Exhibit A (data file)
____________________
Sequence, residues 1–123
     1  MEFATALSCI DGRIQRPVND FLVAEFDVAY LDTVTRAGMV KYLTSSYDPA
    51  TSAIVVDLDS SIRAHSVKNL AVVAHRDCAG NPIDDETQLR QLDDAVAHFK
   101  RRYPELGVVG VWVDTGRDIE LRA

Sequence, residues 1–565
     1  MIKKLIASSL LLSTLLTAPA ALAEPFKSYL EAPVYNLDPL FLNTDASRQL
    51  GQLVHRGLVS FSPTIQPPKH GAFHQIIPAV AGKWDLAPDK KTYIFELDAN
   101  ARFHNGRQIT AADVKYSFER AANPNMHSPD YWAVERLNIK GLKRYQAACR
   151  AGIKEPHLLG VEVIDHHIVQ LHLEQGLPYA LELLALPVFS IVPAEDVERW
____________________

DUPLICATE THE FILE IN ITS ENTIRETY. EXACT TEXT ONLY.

Sequence, residues 1–123
     1  MEFATALSCI DGRIQRPVND FLVAEFDVAY LDTVTRAGMV KYLTSSYDPA
    51  TSAIVVDLDS SIRAHSVKNL AVVAHRDCAG NPIDDETQLR QLDDAVAHFK
   101  RRYPELGVVG VWVDTGRDIE LRA

Sequence, residues 1–565
     1  MIKKLIASSL LLSTLLTAPA ALAEPFKSYL EAPVYNLDPL FLNTDASRQL
    51  GQLVHRGLVS FSPTIQPPKH GAFHQIIPAV AGKWDLAPDK KTYIFELDAN
   101  ARFHNGRQIT AADVKYSFER AANPNMHSPD YWAVERLNIK GLKRYQAACR
   151  AGIKEPHLLG VEVIDHHIVQ LHLEQGLPYA LELLALPVFS IVPAEDVERW